Victoria Ross Patti has been welding for twenty years, her interest in metal first sparked when she worked as the only woman industrial mechanic at a Water Treatment plant in Boulder Colorado.
“Once I learned I was soon staying after work to practice and make metal sculptures from the discarded parts of motors and pumps from the treatment plant,” she says.
What excites you about welding?
I am excited to see more and more women getting into this field of work, it’s a momentum that is growing and exciting.
What welding process(es) do you use most? or feel more familiar with?
When I was at the water treatment plant I used stick and MIG on various treatment equipment and pipe. Now I primarily use MIG on steel for my steel sculptures. Continue reading
The most outstanding professional welders have three key characteristics that make them exceptional. Welding proficiency shows in the results of a welder’s work, which is based on drawing from a solid skill set, properly applying expertise, and having a particular flair for the work. A successful welder understands the craft, continues to learn, and finds a specific niche.
Most women welders I know often say that when folks find out they are welders, they are surprised. Women don’t weld, right? I mean a girl!? Sadly there are many out there (men and women) who think that welding isn’t a good career choice for women. Just recently Cameron wrote to us:
Hello, I am a 33 year old woman and have been thinking of welding. I hear very mixed reviews. Some people tell me the industry has changed enough that it’s relatively clean work that doesn’t cause too much wear and tear to your muscles and body. Others say it’s dirty and grimy and you have to be in tight spaces welding over your head sometimes and that it is very tough on a petite girl. I wonder what your thoughts on this are?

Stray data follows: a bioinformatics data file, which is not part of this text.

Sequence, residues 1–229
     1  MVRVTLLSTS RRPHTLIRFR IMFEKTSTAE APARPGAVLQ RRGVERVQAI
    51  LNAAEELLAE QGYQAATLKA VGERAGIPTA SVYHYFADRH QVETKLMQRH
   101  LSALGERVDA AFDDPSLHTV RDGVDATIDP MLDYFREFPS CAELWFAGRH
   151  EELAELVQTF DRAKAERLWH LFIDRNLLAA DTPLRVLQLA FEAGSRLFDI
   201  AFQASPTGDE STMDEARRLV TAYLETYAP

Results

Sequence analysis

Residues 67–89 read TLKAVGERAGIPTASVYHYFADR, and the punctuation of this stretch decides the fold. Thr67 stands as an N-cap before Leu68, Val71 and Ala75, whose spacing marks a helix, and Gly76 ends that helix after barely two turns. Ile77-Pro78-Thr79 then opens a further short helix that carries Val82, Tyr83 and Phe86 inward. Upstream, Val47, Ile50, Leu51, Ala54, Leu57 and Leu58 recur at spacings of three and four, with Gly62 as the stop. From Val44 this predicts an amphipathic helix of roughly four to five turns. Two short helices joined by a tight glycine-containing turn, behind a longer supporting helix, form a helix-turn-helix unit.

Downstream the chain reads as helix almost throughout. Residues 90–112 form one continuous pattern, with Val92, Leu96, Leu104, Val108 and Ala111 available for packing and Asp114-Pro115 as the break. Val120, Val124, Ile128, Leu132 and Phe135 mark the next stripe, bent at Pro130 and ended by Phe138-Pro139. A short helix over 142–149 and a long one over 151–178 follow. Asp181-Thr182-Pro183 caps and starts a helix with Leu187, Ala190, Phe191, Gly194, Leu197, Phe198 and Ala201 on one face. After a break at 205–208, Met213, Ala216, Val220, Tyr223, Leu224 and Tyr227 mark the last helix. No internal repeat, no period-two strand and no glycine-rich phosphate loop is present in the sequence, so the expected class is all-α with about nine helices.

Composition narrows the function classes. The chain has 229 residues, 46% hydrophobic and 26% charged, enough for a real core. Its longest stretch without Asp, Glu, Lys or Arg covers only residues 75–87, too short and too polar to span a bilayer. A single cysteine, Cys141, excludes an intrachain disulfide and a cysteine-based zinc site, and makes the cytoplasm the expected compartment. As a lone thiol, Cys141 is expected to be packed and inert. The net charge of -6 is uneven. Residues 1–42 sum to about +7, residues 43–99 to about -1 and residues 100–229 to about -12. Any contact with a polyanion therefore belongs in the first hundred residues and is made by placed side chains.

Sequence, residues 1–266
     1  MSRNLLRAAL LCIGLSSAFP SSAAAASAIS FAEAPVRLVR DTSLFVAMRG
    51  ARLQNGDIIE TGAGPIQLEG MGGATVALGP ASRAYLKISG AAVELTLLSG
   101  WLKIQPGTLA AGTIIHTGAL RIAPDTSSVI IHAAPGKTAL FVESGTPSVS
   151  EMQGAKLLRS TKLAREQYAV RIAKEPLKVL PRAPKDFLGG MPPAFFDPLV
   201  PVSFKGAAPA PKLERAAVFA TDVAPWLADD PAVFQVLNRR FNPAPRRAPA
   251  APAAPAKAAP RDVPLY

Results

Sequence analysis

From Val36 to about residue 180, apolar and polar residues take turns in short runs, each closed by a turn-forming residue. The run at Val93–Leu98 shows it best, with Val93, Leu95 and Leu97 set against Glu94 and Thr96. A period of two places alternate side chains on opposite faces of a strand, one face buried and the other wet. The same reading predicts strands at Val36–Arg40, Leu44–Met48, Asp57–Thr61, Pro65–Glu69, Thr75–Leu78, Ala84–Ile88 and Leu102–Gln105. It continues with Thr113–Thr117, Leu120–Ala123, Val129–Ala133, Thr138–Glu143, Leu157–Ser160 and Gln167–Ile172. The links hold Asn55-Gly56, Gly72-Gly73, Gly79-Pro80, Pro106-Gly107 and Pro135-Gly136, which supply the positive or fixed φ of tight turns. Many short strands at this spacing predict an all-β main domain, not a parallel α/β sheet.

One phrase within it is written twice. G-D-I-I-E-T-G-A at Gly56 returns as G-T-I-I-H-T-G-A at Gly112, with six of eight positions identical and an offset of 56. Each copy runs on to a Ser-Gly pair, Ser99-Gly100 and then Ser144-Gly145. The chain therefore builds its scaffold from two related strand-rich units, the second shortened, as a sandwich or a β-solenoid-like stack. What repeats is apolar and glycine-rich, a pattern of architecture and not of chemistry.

We’ve written a lot about this in the past, but it never hurts to address this again. Maybe until folks get it right–welding is a fine career for a woman!
A lot of women wonder what it will be like working in a predominately male environment. Here’s some tips: Continue reading
There’s been such a big push to get more women interested in welding as a career, and I can see by some of the comments on this site, our readers are often women who are looking for information about getting into the industry. And so, with summer winding down and Labor Day just around the corner… that means Back To School! Your first classes will probably be basic MIG and Stick welding, so you won’t need fancy expensive equipment at first, but you will want some good basic personal protection equipment (PPE) products. We recommend at a minimum: welding gloves, a jacket, a helmet, and a respirator.
Your welding gloves should fit well for optimal dexterity (to figure out your size, check out this handy chart) so unless you have “Big Man Hands” you’ll want to select a glove made for women. We like the Revco One of our favorites is the Revco Angelfire Welding Glove. It’s constructed with top quality thin cut kidskin leather, with pig skin palms for the best in protection and the ultimate in flexibility. And be sure to save your welding gloves for welding and use more rugged metal worker gloves for your prep and finish work. Continue reading
Arc-Zone’s very own Joanie Butler has been selected to participate in The Arc-Zone Pro Partnership program. A little over three years ago, Joanie’s adventure with Arc-Zone began. She has proven to be a Jill of all trades who assists our Customer Care, Marketing, and Purchasing Teams; she creates metal art as a hobby, and even single-handedly designed and built a one-of-a-kind sign for Arc-Zone’s Ultimate Showroom.
She’s an inspiration to female fabricators everywhere and was recently hand-selected by the AWS to serve on a National Committee to create a Program for the Girl Scouts of America. Without further ado, Arc-Zone proudly presents to you, Joanie Butler!
Joanie Butler @joaniebutler sporting the Arc-Zone pro Partnership Tee